And it’s greatest challenges?

India’s three principal challenges are:

1. Establishing peace with neighboring and nuclear-armed Pakistan. Bill Clinton rightly described the disputed state of Kashmir as the "most dangerous nuclear flashpoints in the world."

2. Overcoming the threat of Hindu nationalism, which is as destabilizing to India’s prospects as Islamic fundamentalism is to Muslim societies.

3. Bringing its 700 million villagers into the modern economy that the remaining 400 million Indians are increasingly enjoying.

Can you tell us how elections are won in India?

Indian elections are complex exercises in which the outcome is highly fragmented. With 18 official languages, all the world’s religions, a caste system and a mosaic of different ethnicities, India has the most complex electoral democracy in the world. That India now has twenty-party coalition governments that usually survive for the full five years is a remarkable testimony to the stability of Indian democracy. By definition, every national election in India is the largest democratic exercise in human history.

How would you compare India’s economic rise to that of China?

It is slightly less dramatic. But if China did not exist the world would be talking about the Indian miracle. China has been growing at an average of eight percent a year since 1980. India has been growing at six percent a year since 1991. Qualitatively, India’s economy is more high-tech and more entrepreneurial than China. But socially, China’s is probably the better model since it gives vastly more people direct employment. This is because India tends to rely on the skills of its graduates to produce high-quality goods whereas China is more conventional in basing its competitiveness on lower costs rather than higher quality. In other words, India is capital-intensive economy while China’s is labor-intensive. Gradually India is becoming more labor-intensive and employing more people in manufacturing. It is also becoming internationally renowned. In October 2006 Tata Steel, India’s second largest steel company, took over Corus, formerly British Steel, in an $8bn deal. Every ton of steel manufactured in Britain is now Indian owned.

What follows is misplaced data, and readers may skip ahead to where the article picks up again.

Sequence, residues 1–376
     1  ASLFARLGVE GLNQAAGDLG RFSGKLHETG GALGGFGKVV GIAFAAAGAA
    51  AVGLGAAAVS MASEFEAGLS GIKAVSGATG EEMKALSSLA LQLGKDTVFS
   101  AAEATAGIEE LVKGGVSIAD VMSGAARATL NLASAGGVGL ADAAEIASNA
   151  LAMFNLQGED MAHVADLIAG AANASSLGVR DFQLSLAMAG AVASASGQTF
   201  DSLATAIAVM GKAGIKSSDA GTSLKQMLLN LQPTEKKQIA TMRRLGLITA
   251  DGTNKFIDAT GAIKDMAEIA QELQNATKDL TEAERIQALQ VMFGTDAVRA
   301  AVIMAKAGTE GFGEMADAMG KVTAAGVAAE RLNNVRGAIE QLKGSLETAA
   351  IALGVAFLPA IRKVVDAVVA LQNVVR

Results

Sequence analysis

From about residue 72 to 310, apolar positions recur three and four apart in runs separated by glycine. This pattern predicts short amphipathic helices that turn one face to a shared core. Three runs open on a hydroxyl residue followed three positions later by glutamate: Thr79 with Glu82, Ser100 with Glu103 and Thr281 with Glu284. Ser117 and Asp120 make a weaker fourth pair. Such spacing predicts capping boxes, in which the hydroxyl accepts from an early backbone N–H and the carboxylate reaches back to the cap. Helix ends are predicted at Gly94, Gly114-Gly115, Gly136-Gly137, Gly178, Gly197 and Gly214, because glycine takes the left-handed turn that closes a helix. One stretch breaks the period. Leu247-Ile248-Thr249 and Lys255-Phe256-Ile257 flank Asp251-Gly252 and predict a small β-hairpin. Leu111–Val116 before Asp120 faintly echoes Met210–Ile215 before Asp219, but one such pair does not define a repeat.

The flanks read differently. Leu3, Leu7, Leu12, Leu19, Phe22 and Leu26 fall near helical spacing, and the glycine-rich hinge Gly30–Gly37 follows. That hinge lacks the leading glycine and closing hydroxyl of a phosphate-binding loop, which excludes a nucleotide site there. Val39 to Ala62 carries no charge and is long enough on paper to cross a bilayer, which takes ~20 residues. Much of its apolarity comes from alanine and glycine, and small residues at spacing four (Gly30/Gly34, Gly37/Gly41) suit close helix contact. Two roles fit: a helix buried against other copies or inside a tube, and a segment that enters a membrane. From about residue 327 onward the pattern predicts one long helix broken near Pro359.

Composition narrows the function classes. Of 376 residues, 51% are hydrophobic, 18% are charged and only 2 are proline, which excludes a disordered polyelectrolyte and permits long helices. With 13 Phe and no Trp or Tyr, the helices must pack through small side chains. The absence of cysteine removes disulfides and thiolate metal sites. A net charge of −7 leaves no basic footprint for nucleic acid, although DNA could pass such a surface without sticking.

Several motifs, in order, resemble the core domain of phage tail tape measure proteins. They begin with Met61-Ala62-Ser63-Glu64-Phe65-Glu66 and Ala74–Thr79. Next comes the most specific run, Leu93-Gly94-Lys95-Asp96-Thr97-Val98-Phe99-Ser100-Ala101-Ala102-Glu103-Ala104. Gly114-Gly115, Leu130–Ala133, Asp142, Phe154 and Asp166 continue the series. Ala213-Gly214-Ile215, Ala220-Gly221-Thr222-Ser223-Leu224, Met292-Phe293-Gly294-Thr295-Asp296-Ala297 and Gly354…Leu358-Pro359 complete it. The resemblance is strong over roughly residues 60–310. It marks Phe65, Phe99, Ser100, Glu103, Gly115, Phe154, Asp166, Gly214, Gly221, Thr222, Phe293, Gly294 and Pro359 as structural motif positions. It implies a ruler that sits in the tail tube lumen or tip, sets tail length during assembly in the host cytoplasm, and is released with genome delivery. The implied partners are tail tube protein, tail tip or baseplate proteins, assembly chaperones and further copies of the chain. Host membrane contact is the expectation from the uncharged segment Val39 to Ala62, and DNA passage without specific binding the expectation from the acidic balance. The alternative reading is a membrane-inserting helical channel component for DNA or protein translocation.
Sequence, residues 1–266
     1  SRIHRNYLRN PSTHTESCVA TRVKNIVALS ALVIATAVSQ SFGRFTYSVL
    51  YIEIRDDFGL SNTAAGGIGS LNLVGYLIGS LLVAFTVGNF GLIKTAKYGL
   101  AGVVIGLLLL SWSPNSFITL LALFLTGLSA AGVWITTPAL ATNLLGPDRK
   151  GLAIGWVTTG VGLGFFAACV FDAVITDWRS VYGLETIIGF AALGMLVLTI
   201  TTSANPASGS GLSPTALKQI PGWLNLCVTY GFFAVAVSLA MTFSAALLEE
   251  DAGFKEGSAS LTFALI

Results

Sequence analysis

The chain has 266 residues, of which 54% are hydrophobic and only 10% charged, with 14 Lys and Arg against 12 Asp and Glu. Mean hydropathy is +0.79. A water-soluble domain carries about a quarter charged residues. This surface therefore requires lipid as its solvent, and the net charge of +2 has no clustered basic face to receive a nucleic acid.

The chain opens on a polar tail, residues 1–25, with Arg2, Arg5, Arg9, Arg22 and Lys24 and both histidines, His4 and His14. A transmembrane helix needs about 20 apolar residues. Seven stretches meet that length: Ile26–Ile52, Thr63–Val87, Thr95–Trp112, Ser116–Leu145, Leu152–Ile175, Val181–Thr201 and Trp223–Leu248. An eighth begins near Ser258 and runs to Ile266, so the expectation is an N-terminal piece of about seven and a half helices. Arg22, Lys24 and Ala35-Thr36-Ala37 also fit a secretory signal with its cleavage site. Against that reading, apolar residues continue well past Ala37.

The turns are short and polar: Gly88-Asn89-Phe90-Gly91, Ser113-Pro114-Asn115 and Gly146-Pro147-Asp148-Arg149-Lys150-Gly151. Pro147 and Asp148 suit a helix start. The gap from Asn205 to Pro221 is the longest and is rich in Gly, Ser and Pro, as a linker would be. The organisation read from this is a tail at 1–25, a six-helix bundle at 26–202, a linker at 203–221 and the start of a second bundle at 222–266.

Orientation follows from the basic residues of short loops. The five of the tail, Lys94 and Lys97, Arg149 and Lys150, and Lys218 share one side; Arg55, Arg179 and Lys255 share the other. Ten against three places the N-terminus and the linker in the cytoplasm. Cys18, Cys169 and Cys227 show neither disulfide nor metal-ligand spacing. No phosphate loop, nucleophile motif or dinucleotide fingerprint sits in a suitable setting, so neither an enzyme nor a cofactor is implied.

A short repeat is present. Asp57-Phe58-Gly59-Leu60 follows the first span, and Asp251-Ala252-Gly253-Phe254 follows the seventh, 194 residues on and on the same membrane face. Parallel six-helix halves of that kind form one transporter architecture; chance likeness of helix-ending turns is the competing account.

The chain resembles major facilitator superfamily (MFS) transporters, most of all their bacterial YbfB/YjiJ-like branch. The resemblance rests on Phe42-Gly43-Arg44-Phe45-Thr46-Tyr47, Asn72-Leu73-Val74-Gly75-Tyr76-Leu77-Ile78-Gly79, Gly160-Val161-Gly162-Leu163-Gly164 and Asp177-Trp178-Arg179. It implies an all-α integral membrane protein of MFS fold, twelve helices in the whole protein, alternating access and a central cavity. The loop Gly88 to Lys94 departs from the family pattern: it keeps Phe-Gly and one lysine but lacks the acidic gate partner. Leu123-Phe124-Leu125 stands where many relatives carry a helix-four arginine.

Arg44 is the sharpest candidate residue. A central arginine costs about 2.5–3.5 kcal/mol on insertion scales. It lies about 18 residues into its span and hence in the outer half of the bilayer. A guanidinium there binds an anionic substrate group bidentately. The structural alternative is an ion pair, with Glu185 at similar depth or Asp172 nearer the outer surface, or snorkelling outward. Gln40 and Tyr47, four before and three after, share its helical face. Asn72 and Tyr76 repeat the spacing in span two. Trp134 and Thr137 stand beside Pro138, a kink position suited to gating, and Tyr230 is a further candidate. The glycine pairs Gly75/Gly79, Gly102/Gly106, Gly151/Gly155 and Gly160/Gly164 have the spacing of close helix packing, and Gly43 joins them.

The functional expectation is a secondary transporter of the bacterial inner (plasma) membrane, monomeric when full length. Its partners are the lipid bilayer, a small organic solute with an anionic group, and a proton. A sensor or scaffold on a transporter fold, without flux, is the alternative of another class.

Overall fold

How do you hope India’s future will unfold?

I hope India will continue to grow at its current pace and gradually emerge as an alternative non-authoritarian and pluralistic model to China as, to some extent, it already is. I hope it will show statesmanship and imagination in bringing peace to Kashmir and a settlement of some kind with Pakistan, which would be the greatest gift it could give to world stability and to fighting the war on terrorism. And I hope it will take its rightful place alongside the US, China and others as a permanent member of the United Nations Security Council as the second largest country and the largest democracy in the world. Broadly speaking, India should continue on its current path but do it better and

From the Hardcover edition.